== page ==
Paul Krugman, columnist for The New York Times, is a piece of work. You see, Krugman is always right. And if you don’t agree with him, you’re “crazy.” Krugman begins his July 14 column, “Getting to Crazy”, with this:
“There aren’t many positive aspects to the looming possibility of a U.S. debt default. But there has been, I have to admit, an element of comic relief — of the black-humor variety — in the spectacle of so many people who have been in denial suddenly waking up and smelling the crazy.”
All craziness aside, the only way the United States could default is if President Obama were to deliberately refuse to pay off our bonds. The 14th Amendment, Section 4 forbids Obama from doing this. Obama isn’t going to risk impeachment, is he?
And surely Krugman, our Nobel Prizing-winning celebrity economist, knows that the United States can “print” money. What’s the use of a fiat currency if you can’t print off a few trillion every now and then?
So all this talk of “default” is, uh, crazy. The real worry concerns being backed into the corner and having to “print” more money to make good on our debt. QE2 then becomes QE3 and there’ll be no end to the QE’s. Also, there’s the looming possibility of a credit downgrade. (Kevin Williamson recently wrote a very sobering article for NRO on the repercussions of a credit downgrade.) Anyway, after Krugman gets through his usual invective, he trots out this:
“President Obama has made it clear that he’s willing to sign on to a deficit-reduction deal that consists overwhelmingly of spending cuts, and includes draconian cuts in key social programs, up to and including a rise in the age of Medicare eligibility. These are extraordinary concessions.”
OK, when do these cuts happen? If they don’t happen immediately or in FY2012, they aren’t real, as neither Obama nor Congress have control over anything beyond the next fiscal year. Even if they agree to a budget for FY2013, the next government can override it. The acid test of Obamian seriousness on spending cuts is whether the feds will still be funding NPR, NEA, NEH, cowboy poetry festivals, etc. — in 2012. If cuts are off-loaded to the “out years,” then Obama’s cuts are unenforceable, and won’t correct America’s fiscal death spiral, which is happening now.
Krugman goes on to accuse Republicans of “threatening to force a U.S. default, and create an economic crisis.”
No, that would be President Obama. And he’s waited until this chic late hour to try and resolve the problem but seems incapable of compromise. Why is it that progressives like Krugman think that if two sides in a dispute are at loggerheads that only one side is to blame? Krugman then takes a shot at Reaganomics:
“Supply-side voodoo — which claims that tax cuts pay for themselves and/or that any rise in taxes would lead to economic collapse — has been a powerful force within the G.O.P. ever since Ronald Reagan embraced the concept of the Laffer curve. But the voodoo used to be contained. Reagan himself enacted significant tax increases, offsetting to a considerable extent his initial cuts.”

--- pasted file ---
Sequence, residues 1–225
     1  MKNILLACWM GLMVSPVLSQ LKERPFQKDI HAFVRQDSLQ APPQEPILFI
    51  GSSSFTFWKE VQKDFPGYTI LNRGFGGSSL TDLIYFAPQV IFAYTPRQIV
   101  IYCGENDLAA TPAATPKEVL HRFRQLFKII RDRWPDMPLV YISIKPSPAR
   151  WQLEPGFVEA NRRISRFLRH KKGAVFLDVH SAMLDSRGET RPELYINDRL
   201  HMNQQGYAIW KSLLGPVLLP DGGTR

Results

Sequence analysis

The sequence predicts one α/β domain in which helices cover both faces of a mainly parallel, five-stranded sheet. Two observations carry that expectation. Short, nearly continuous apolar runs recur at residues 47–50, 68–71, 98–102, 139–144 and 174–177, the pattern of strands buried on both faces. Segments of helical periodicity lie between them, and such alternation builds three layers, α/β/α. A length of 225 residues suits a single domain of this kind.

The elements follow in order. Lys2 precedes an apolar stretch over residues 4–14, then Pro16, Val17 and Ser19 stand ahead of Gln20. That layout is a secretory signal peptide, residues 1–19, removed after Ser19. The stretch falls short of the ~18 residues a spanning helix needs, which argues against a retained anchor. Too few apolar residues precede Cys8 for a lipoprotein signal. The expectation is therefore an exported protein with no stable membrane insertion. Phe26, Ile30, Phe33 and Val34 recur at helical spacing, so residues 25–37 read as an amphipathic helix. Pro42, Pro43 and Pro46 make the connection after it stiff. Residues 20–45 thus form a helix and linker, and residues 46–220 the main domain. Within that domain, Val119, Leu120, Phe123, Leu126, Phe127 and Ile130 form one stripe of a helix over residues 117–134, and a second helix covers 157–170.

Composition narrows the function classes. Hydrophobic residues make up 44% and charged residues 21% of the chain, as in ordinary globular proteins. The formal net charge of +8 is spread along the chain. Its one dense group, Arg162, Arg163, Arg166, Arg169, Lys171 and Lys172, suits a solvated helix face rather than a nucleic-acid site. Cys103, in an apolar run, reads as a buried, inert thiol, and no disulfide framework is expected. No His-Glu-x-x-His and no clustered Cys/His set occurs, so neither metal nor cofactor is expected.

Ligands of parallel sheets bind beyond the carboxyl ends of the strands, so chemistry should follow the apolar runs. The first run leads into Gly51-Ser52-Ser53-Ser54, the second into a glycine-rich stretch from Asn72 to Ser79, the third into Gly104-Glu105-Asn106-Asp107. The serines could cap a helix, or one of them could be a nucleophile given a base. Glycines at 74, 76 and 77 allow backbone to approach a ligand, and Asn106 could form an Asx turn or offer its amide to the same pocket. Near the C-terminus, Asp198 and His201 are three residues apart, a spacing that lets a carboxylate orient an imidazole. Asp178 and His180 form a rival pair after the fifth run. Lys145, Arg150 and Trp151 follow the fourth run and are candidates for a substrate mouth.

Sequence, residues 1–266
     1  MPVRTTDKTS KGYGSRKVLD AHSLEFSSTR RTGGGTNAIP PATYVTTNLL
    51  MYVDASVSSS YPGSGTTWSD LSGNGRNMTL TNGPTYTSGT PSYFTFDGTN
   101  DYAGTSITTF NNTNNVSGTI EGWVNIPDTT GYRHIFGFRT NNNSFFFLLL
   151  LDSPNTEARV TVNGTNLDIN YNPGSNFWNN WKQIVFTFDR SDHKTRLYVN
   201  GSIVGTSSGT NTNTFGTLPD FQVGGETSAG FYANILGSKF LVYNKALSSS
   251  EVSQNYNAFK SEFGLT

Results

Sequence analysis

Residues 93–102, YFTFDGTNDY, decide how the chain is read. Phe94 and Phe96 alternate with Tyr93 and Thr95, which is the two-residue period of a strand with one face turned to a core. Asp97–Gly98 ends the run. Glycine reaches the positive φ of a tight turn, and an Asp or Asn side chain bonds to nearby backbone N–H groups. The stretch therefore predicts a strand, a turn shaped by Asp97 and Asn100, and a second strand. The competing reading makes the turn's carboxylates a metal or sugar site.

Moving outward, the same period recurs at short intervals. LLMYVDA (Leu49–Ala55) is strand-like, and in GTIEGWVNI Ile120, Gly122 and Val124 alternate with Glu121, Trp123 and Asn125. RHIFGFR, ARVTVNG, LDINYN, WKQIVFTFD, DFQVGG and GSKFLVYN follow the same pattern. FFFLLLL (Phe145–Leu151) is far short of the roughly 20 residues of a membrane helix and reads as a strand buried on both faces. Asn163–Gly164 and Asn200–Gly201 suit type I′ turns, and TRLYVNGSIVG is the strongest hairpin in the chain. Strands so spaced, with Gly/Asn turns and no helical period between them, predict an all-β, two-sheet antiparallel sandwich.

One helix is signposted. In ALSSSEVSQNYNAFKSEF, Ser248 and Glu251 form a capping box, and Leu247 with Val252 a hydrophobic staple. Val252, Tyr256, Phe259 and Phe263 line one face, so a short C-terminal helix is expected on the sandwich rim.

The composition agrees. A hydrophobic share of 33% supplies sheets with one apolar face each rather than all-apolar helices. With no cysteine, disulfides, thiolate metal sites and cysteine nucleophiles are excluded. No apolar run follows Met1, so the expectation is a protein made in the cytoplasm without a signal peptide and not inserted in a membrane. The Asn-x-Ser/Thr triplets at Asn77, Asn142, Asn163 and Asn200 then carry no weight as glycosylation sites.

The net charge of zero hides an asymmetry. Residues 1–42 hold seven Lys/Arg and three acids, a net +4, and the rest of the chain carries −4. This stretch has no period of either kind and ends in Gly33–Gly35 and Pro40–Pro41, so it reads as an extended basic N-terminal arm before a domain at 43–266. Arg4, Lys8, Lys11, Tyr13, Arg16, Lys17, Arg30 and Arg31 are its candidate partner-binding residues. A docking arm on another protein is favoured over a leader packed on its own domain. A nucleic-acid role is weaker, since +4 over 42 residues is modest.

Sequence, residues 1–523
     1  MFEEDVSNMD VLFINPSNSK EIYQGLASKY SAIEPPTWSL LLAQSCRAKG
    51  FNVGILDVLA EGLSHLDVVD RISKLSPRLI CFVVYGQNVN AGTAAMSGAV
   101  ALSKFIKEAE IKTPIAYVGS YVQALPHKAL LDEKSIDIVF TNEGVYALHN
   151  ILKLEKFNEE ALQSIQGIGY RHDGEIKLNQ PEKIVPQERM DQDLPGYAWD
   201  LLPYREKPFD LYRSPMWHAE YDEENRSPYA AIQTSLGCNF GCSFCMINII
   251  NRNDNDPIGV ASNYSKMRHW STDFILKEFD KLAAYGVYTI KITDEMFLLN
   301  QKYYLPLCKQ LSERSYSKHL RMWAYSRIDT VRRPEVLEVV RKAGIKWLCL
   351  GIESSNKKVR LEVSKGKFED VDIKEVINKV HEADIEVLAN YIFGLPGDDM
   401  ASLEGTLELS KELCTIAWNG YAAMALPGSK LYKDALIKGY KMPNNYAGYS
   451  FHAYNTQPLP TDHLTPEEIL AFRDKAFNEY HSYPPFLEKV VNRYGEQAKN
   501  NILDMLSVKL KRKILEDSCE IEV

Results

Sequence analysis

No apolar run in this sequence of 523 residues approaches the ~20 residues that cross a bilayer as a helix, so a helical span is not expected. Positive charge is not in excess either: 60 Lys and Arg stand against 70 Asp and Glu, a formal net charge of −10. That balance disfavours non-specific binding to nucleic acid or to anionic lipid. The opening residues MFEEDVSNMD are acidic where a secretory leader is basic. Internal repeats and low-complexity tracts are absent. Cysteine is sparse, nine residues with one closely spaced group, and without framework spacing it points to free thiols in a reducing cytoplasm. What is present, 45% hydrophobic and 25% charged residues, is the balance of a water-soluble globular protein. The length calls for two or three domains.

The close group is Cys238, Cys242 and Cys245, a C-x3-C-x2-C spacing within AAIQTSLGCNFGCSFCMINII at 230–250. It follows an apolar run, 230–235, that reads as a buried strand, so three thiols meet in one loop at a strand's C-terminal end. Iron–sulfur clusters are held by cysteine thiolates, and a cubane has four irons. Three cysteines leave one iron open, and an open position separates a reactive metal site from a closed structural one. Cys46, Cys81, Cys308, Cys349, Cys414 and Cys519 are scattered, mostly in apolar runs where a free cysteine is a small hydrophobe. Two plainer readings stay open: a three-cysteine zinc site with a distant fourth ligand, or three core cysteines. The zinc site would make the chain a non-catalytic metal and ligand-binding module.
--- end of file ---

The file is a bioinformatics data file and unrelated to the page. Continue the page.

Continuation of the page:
This is just bad writing — isn’t there an editor at The Times? By “tax cuts” and “rise in taxes,” what Mr. Krugman means is “tax rate cuts” and “rise in tax rates.”
Supply-siders aren’t saying that multiplying by a smaller number produces a larger product. It is apodictic that if you multiply A by B and then you multiply A by C, that the larger of the two products is determined by the larger of B or C. What concerns supply-siders is growing the size of A, which is the economy — B and C are just percentages, as in tax rates. (For subscribers to The Times and those who still take Paul Krugman seriously, “apodictic” means proven, incontestable.)
As for “significant tax increases” under Reagan, this is standard progressive agitprop, and it refers to the payroll tax rate hikes in Reagan’s first term. But in the largest source of revenue to the feds, the personal income tax, Reagan inherited a 70 percent top rate and left office with a 28 percent top rate. Compare that 42 percent cut with the rate hike in the payroll tax. There is no comparison.
Krugman also alleges: “Mr. Bush squandered the surplus of the late Clinton years, yet prominent pundits pretend that the two parties share equal blame for our debt problems.”
The largest deficit for which Republicans were totally responsible was in FY2004 when it hit $412B. The GOP then reduced the deficit to $160B in FY2007 (Table 1.1). But the Democrats are the only party to run trillion-dollar deficits, and this year’s is projected to hit $1.645 trillion. So, “equal blame for our debt problems”? Heavens no, the Democrats are far more to blame for the mess we’re in. Krugman continues with the partisanship:
“First of all, the modern G.O.P. fundamentally does not accept the legitimacy of a Democratic presidency — any Democratic presidency. We saw that under Bill Clinton, and we saw it again as soon as Mr. Obama took office.”
Sheer twaddle. Obama is the most fiscally reckless president ever, and he’s about to ruin the credit rating of the U.S. He took what was a liquidity problem in the financial markets and made it into a question of solvency for the federal government. (If it threatens to ruin the currency, why shouldn’t incompetence be an impeachable offense?)
How did America ever get to the place where trying to cut spending when we’re trillions of dollars in debt can garner accusations of “extremism” and “irresponsibility”? Well, I’ll tell you how: by listening to Paul Krugman. Krugman has for years encouraged Democrats to borrow and spend — he is a principle architect of the federal debt. And now, he can’t address the possibility of fiscal Doom’s Day without getting partisan. Pathetic.
Paul Krugman has resorted to calling people stupid. Now, I wouldn’t call Krugman stupid. But it does seem that Paul Krugman thinks everyone else is stupid.
Jon N. Hall is a programmer/analyst from Kansas City.